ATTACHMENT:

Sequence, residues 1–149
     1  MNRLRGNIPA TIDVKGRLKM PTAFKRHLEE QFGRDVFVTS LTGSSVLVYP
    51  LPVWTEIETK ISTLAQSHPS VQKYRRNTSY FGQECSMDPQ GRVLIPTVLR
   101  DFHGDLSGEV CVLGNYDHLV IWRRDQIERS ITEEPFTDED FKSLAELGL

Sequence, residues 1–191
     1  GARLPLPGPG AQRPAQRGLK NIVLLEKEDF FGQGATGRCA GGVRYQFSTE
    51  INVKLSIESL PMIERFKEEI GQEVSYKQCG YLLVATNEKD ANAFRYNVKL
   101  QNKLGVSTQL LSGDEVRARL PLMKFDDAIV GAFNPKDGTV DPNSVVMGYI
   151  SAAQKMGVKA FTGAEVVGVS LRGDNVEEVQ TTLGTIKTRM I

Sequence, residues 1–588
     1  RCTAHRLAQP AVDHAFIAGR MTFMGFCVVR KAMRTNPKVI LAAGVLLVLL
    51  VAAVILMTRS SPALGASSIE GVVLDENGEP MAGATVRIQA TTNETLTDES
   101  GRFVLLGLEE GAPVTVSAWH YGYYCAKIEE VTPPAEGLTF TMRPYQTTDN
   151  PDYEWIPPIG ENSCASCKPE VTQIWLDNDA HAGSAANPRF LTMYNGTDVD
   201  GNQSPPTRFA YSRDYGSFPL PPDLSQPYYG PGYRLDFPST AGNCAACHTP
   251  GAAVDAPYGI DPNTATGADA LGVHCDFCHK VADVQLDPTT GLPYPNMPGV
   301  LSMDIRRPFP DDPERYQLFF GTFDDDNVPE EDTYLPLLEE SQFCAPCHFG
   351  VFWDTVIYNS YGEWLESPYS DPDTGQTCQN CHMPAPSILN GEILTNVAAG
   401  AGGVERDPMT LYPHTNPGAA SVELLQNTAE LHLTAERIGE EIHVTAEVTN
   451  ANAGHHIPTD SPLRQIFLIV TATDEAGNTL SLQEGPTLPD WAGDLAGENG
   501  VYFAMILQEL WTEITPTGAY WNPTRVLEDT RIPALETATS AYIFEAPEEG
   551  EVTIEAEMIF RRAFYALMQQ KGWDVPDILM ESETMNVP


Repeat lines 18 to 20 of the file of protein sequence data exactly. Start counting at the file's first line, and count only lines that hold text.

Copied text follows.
   351  VFWDTVIYNS YGEWLESPYS DPDTGQTCQN CHMPAPSILN GEILTNVAAG
   401  AGGVERDPMT LYPHTNPGAA SVELLQNTAE LHLTAERIGE EIHVTAEVTN
   451  ANAGHHIPTD SPLRQIFLIV TATDEAGNTL SLQEGPTLPD WAGDLAGENG